Corrosive Visions’ aims to reflect on and illustrate the past in the present, but always in conjunction with inevitable decay and change. It will open on Thursday 7th of June 2018 at the Crypt Gallery, Euston Road, London.

The Crypt is one of London’s most atmospheric exhibition places. Built in the early 19th century and almost untouched since that time it is constructed of the rough, harsh brickwork characteristic of that period. It is planned as a sequence of dark tunnels and hidden secret recesses, and this combination of features makes it the perfect setting for ‘Corrosive Visions’.

The show combines the works of two artists: the ‘Corrosive’ mordançage prints by Arepo and ‘Visions’ of sculptures by Julian Wootton.

A collection of prints depict the ancient Tuscan city of Lucca, whose incredible state of preservation throughout history is almost surreal. The walls encircling the ancient town have remained intact since their foundation, even as the city has expanded and modernised. Its monuments still present a series of enigmatic sculptures and inlays whose masterful craftsmanship seems to challenge the passing of the ages. The images featured in the exhibition have unexpectedly evolved from an experimental 16mm short film, La Città del Silenzio. The ‘silent city’ of Lucca is the chosen subject with which to explore the continuous thread of time that links what we have with what will be. This is why the chosen media is film; it will arguably survive the modern digital technologies and therefore challenge the corrosion of time itself.

The analogue feel is reinforced through the use of mordançage: this is an alternative photochemical process that alters silver gelatine to give to selected frames a degraded effect. Eventually, the most altered frames of the short film are blown-up to 35mm and hand printed in limited edition on fibre paper, to effectively create a collection of etchings. Here, figurative and abstract pictures merge to explore the contrast between preservation and decay. Everything becomes quite overturned. Each initial frame is converted into a disruptive chaotic moment; anything can happen now it seems. Quite a startling and violent series of images suddenly appear. That is how change can happen: this a potent iconography for our present times.

Clay is the basic material with which Wootton works but many of the pieces are also comprised of a mixture of media: wood, plastic, metal, cloth. Social and cultural production, literature and even film are also referenced in some of his sculptures: Sphinx and Eloi, from H.G Wells’ science fiction novel, The Time Machine, Nosferatu’s Galleon, inspired by Werrner Herzog’s film Nosferatu, and Klaus Kinski’s performance in it.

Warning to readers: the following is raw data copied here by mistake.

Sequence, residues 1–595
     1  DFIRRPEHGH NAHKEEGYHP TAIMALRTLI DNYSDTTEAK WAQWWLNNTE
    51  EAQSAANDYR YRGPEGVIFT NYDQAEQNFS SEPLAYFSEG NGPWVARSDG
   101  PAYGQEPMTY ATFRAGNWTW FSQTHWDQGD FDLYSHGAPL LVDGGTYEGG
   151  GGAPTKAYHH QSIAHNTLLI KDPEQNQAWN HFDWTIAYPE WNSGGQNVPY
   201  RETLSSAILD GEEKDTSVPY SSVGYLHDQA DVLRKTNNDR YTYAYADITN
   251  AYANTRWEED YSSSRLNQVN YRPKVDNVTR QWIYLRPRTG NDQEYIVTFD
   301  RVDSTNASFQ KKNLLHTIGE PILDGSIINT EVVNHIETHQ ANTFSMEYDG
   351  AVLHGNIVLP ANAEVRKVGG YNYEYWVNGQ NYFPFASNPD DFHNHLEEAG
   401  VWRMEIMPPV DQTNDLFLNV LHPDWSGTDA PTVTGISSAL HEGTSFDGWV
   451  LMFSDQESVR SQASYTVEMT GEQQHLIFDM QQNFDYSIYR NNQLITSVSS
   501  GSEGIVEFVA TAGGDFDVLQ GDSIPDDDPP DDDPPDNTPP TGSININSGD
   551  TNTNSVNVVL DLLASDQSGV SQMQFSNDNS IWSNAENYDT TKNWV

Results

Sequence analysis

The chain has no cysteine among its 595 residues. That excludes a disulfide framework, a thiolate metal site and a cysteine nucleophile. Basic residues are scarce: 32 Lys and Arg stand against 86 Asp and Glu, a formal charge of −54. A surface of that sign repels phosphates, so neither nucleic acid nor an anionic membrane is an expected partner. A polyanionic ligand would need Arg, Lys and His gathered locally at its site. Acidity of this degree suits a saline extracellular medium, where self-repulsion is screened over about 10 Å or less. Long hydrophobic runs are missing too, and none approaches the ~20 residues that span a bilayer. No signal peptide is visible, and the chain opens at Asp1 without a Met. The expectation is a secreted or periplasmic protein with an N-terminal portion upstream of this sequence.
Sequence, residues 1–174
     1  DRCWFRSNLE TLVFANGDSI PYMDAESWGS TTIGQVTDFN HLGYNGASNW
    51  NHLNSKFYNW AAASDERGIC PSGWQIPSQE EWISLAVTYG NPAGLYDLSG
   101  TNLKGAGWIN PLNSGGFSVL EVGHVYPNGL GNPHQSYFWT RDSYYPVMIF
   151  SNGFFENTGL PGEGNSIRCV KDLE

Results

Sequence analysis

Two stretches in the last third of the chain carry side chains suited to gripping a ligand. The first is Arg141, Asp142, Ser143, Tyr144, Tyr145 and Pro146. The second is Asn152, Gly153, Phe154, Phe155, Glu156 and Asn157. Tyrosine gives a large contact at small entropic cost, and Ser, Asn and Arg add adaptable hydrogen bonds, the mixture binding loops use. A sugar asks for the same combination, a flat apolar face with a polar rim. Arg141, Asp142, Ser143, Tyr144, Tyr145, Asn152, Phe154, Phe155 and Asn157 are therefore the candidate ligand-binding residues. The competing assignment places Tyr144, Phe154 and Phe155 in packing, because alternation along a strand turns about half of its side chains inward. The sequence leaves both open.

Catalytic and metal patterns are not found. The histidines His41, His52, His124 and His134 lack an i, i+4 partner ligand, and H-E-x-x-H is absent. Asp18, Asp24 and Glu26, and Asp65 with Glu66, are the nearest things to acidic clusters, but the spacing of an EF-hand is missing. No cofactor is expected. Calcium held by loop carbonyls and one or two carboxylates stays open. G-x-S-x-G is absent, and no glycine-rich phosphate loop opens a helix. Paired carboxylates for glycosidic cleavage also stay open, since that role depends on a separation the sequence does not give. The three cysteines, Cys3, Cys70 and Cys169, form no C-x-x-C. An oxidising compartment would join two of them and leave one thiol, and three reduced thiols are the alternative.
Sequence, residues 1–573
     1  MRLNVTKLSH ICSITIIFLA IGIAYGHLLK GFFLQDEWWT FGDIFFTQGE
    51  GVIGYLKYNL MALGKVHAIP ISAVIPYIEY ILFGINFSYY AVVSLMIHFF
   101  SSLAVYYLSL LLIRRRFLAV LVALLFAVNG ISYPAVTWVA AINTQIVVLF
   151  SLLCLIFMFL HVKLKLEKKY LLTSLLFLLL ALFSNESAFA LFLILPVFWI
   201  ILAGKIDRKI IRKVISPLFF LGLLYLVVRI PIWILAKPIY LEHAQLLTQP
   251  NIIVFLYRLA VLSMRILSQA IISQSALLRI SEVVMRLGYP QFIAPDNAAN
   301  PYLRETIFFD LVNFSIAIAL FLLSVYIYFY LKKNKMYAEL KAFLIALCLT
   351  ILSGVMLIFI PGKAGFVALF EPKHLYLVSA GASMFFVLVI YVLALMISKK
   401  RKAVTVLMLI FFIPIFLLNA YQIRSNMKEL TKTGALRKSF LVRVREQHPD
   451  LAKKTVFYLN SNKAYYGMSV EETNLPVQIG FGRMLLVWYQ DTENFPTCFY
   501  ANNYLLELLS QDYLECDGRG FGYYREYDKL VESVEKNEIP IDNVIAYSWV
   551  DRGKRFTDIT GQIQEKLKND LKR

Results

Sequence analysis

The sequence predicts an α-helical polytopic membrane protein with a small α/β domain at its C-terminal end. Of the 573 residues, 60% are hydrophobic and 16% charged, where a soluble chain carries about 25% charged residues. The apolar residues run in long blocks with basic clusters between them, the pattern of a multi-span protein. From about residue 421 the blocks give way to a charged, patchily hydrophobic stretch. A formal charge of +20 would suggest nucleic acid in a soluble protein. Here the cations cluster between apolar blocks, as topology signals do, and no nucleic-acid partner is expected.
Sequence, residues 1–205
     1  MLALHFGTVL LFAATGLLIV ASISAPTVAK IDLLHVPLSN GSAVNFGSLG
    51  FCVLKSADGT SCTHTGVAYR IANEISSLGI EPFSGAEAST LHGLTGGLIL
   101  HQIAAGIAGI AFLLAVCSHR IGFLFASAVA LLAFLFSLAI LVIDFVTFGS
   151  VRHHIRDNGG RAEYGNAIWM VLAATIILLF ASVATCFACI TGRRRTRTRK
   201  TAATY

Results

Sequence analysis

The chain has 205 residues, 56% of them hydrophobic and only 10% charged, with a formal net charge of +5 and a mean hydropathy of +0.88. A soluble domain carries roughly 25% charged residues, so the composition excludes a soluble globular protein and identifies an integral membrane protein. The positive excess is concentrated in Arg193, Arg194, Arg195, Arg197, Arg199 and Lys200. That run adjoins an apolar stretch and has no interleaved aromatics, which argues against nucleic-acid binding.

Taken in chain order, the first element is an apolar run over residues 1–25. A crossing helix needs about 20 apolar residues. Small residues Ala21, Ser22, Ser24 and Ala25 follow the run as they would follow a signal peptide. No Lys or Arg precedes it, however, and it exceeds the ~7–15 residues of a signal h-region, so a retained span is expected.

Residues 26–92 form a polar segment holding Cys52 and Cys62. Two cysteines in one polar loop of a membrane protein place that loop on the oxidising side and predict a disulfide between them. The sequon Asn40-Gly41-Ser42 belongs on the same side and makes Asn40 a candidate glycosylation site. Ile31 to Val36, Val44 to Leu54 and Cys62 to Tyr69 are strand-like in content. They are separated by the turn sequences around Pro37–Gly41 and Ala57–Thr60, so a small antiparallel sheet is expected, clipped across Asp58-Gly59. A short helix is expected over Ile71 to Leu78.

Art Brut with its characteristic freedom from any artistic convention, and notions of good taste, has also been a very important influence - as indeed has its frequent implication of profound instability, confusion, menace and violence. Such themes inspire the piece entitled Dionysus; an illustration of an ancient legend, it is a take on a story of transgression, followed by break down, chaos and death. Many of the pieces are manipulations of line and space, which are intended to strike the viewer as labyrinthine; other pieces represent the processes of disintegration and an expression of the ominous. Particular attention is paid to surface complexity, whether that is expressed in textures achieved by combinations of materials, firing processes or by detailed modelling or mixtures of all these elements.

These works display surfaces influenced by the rich textures of corroding iron and other elements. They express a deep interest in the opposition between the negativity implied by the disintegration of structures, with all that that may represent literally and metaphorically, and the fascination exerted by the richness which emerges through the processes of their decay.

Arepo is an Italian filmmaker based in London since 2002. He started his career as an illustrator in Treviso (Italy) and evolved into a video artist creating animated scenes for live theatre and opera productions like Hymnus at Maribor National Theatre (Slovenia), La Fanciulla del West at Opéra de Limoges (France), Rigoletto at Teatro Auditorio in Almeria (Spain), La Traviata at Effetto Venezia and Tremamondo at Teatro Goldoni, Livorno (Italy). In the UK he produced, filmed and edited several short films in 16mm and 35mm including Contemplazione, The Bucolic Land of Peccioli, Sugar and L’Immobilità Trafigge. Festival selection includes Euroshorts, Analogica and Short Film Corner at the Festival de Cannes. His 16mm works have been screened at the Estorick Collection, lab and the Cinema Museum in London. Arepo is currently working on his debut feature film The Isle of Life.

Julian Wootton is British sculptor. He began with a degree in Archaeology and Ancient History followed by post graduate work part of which was carried out in Iraq in what was then a relatively peaceful time. Eventually, he became a teacher and a developing interest in ceramics led to evening classes at the Camden Arts Centre and the eventual establishment of a workshop. Teaching followed in an East London school. The enthusiasm and actual giftedness of some of the students was itself an inspiration for the direction which some of his work eventually took. An interest in clay as a materiel to create with and in the history of its use has remained a potent motivation, and influence on his art. However the direction of his work has now moved away from an exclusive focus on clay and is now directed towards the imaginative and limitless possibilities offered by clay in combination with other materials.